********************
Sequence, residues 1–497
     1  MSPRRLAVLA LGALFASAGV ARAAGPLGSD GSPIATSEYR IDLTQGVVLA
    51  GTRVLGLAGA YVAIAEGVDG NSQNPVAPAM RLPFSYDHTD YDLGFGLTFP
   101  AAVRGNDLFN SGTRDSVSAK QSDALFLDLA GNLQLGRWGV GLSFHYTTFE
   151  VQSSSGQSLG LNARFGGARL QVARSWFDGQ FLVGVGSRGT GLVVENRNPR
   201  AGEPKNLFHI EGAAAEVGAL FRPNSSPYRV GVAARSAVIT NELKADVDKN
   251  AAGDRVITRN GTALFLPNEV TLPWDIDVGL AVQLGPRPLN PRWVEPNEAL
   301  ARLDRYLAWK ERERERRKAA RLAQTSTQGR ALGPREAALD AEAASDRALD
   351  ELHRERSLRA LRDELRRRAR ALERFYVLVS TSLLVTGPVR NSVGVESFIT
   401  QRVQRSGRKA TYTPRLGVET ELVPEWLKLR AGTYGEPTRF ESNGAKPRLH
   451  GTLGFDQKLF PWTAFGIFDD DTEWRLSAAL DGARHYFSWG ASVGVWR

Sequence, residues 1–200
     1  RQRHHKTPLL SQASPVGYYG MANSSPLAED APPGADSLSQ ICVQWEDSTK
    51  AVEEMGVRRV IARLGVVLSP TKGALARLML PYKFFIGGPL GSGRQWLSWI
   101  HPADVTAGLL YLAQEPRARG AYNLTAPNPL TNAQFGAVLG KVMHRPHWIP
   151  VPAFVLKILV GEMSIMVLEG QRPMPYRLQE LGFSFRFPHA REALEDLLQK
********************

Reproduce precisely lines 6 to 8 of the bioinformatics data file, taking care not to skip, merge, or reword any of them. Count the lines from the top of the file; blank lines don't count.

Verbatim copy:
   201  AGEPKNLFHI EGAAAEVGAL FRPNSSPYRV GVAARSAVIT NELKADVDKN
   251  AAGDRVITRN GTALFLPNEV TLPWDIDVGL AVQLGPRPLN PRWVEPNEAL
   301  ARLDRYLAWK ERERERRKAA RLAQTSTQGR ALGPREAALD AEAASDRALD